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Build the box so that it performs well in the worst case scenario and, in return, it will reward you at all times.




Posted By: DYohn
Date Posted: October 27, 2005 at 5:57 PM
dwarren wrote:

, rather it is a drop from one point to another. So DYohn Faraday's theory is applicable but the magnitude of what we are dealing with (relatively small numbers) EMF will not have and effect on low voltage signal cables.  


... assuming the low-level signal cables are properly shielded.  If they are cheap 99 cent unshielded cables, the EMF induced from the changing magnetic field around a power cable can create audible hum, buzz or thumps.  I know, I've heard it.  posted_image



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Posted By: boulderguy
Date Posted: October 27, 2005 at 6:01 PM

I can't believe y'all are still going at this!  Interesting theories even tho they're beyond my understanding level.

So to bring this to a more practical level, how many of you have actually solved noise problems by seperating RCA's & power lines?  Those who have, how often, out of say 100 noisy systems, would you say that the power lines were responsible?





Posted By: Mad Scientists
Date Posted: October 27, 2005 at 6:20 PM

haemphyst wrote:

Perhaps my statement translated to needing AC. While this is NOT true, a pulsed DC is a minimum. This is what is fed to the primary side of your ignition coil. ON, then OFF - the cycle of your ignition points (or in the case of most of today's cars, the solid state switching circuitry)... The OFF is when the spark occurs.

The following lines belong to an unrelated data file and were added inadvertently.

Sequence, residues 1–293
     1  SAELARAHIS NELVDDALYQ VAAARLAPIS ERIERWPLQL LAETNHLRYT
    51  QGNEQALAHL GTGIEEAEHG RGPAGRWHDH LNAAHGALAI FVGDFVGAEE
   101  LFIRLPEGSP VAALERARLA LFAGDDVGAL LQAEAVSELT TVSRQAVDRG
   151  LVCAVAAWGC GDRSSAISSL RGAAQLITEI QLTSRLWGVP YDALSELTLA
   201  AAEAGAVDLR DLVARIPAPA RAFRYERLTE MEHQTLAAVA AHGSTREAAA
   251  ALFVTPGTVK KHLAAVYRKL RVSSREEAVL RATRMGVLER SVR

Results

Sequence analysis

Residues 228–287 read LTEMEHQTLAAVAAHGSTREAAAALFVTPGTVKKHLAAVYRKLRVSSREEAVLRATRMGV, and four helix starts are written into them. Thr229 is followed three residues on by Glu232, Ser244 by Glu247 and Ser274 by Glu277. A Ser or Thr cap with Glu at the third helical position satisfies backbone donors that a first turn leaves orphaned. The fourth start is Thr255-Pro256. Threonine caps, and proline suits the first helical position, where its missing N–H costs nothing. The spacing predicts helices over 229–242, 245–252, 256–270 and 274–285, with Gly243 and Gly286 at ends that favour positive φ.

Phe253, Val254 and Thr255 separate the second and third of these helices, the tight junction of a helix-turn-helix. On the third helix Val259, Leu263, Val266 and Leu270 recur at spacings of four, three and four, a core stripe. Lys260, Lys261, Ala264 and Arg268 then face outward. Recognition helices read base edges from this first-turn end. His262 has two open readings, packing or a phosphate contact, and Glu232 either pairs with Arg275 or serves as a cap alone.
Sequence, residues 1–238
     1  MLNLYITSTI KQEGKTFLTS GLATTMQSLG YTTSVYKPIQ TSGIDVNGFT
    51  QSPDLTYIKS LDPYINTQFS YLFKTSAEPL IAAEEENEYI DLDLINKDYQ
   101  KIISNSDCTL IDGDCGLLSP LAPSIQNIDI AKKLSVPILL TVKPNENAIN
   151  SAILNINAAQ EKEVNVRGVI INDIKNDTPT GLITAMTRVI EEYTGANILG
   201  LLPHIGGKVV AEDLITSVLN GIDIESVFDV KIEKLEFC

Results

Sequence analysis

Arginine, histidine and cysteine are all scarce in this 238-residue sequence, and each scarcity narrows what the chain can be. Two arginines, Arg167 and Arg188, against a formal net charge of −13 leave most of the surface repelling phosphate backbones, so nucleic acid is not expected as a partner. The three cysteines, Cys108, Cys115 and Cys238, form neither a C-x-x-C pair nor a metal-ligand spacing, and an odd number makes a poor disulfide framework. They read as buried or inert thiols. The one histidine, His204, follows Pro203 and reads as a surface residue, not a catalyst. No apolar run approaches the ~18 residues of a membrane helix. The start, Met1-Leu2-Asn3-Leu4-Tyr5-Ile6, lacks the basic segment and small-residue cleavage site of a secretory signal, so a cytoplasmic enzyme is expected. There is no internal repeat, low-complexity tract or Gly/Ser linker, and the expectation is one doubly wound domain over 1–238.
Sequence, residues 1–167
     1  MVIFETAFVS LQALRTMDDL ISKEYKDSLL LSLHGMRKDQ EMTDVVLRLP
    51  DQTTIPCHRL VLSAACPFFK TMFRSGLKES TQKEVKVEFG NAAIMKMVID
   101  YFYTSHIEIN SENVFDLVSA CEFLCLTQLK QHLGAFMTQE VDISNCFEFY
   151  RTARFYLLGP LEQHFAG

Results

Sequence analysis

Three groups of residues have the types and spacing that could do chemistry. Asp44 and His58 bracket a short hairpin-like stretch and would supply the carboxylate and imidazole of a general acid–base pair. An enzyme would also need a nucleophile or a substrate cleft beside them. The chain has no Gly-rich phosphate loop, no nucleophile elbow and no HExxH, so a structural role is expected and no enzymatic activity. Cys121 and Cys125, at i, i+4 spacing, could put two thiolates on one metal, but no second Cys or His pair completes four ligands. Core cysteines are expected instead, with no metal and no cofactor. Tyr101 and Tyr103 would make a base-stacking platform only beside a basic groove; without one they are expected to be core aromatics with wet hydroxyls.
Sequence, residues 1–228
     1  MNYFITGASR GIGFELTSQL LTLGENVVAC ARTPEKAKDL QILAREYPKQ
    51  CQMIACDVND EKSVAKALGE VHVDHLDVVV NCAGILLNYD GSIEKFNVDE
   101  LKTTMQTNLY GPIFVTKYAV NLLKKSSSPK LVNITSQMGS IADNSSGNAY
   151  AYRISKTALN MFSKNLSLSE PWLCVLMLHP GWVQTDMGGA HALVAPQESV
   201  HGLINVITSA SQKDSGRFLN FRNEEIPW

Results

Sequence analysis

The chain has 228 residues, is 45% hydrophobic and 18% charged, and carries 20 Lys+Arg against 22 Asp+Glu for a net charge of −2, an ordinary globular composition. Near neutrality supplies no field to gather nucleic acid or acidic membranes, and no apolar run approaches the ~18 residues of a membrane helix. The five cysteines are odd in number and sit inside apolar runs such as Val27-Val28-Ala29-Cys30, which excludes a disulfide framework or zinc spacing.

Diodes in relay coils are there to prevent the back EMF, produced when the field collapses, from feeding back into the driving circuitry. The diode is placed in opposite polarity of the driving voltage so it is "invisible" to the driving circuit.

When the field collapses, the back EMF produced is an opposite polarity of the voltage that produced the field to begin with. This is why the diode is placed the way it is... it will short the back EMF across the terminals of the relay coil, preventing the high voltage spike produced from being sent back into the driving circuitry.

It was a rhetorical question... my point was to show that it's certainly possible to run a transformer off DC.. you have to pulse it, yes, but even though there's no zero crossing, it'll still work.

to go a step further, if you accept that the higher the current flow the stronger the magnetic field, a current change from 400 amps to 50 amps in a wire would change the magnetic field enough to generate a current in another nearby wire... yes?

Jim





Posted By: dwarren
Date Posted: October 27, 2005 at 6:48 PM
DYohn] wrote:

QUOTE=dwarren]

, rather it is a drop from one point to another. So DYohn Faraday's theory is applicable but the magnitude of what we are dealing with (relatively small numbers) EMF will not have and effect on low voltage signal cables.  


... assuming the low-level signal cables are properly shielded.  If they are cheap 99 cent unshielded cables, the EMF induced from the changing magnetic field around a power cable can create audible hum, buzz or thumps.  I know, I've heard it.  posted_image

[/QUOTE]

Shielding (the foil wrap) in rca's acts an amplifier for noise here, so they may make things worse, not better.



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Posted By: stevdart
Date Posted: October 27, 2005 at 7:13 PM